8 1/2, Making Sense at the End

         Tonight in class we watched the movie 8 ½, directed in 1963 by Federico Fellini. I enjoyed this wonderful movie but found it confusing at times and hard to understand. Indeed, I thought this film was interesting in part because I have not had a Spanish class in several years but was still able to understand some of the Italian, which was at times close to Spanish in the film. Fortunately, by the end of the film I was much more knowledgeable and able to put pieces of the story together that I had not understood throughout the movie.

         In 8 ½ Guido (Marcello Mastroianni) experiences multiple dreams and practically makes a screen play of his life. This film was interesting because it touches an interesting topic with dreams; because dreams are so complex; and, because this film is different from any movie I have ever seen, I enjoyed it more. Guido is a man that loved women, and had several women in his life, but could not be fully with them. Guido has dream sequences where every woman is a slave. The women in the film are not portrayed as everyday individuals but instead as women who are there to make others, like him, happy. Guido’s character seemed to be very complex; at several times during the movie I found myself thinking his character was a creep.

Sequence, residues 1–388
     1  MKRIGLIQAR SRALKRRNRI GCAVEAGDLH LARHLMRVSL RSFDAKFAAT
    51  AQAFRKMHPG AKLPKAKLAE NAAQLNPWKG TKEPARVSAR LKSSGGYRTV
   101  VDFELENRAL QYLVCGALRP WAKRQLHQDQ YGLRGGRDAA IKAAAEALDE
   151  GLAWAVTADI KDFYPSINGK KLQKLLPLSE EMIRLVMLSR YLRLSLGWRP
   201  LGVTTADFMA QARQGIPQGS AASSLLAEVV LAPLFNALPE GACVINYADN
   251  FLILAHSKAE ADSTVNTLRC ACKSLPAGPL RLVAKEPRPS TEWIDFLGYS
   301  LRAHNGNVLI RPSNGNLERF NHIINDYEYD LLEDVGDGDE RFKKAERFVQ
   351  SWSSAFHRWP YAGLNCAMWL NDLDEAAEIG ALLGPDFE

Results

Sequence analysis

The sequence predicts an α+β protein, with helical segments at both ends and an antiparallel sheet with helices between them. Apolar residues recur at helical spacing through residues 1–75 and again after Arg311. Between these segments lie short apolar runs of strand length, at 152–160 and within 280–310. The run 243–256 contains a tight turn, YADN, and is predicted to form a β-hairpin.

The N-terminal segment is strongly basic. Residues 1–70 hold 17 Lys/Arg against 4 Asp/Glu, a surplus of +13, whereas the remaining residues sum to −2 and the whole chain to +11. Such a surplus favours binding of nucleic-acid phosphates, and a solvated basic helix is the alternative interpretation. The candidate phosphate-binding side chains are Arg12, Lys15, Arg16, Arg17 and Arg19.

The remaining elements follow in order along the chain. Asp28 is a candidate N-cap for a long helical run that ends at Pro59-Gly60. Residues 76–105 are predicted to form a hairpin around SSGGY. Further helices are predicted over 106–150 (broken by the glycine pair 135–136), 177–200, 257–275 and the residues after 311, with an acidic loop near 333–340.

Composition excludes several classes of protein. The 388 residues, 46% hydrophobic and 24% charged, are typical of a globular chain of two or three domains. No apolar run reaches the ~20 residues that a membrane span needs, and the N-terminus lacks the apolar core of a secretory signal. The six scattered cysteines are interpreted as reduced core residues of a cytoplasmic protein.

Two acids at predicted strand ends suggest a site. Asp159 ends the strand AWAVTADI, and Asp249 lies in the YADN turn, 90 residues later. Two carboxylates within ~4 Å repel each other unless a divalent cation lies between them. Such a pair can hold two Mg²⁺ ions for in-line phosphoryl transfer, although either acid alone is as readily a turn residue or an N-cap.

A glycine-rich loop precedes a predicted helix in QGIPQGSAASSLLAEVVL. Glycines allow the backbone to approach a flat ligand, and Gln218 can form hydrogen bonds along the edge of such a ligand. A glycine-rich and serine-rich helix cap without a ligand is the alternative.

Throughout the movie I wondered if Guido would get his life back on track because I felt that his character was based solely on his dreams and that was his “life.” However, I felt that, by the end of the movie Guido had gotten his life back together and was growing out of a negative aspect of his life. As he does this, I felt relief for his character, and several parts of the movie, in which Guido’s life had seemed cluttered and jumbled, began to play out in my mind. I appreciated the monologue at the end of the film, which tied together the disparate parts of his life.

         I enjoyed this movie, 8 ½, because it seemed different from other movies that I have seen. Although it was hard for me to understand at times, it seems like the ending helped to tie the movie together in such a way that the story finally made sense.

Ashley Henderson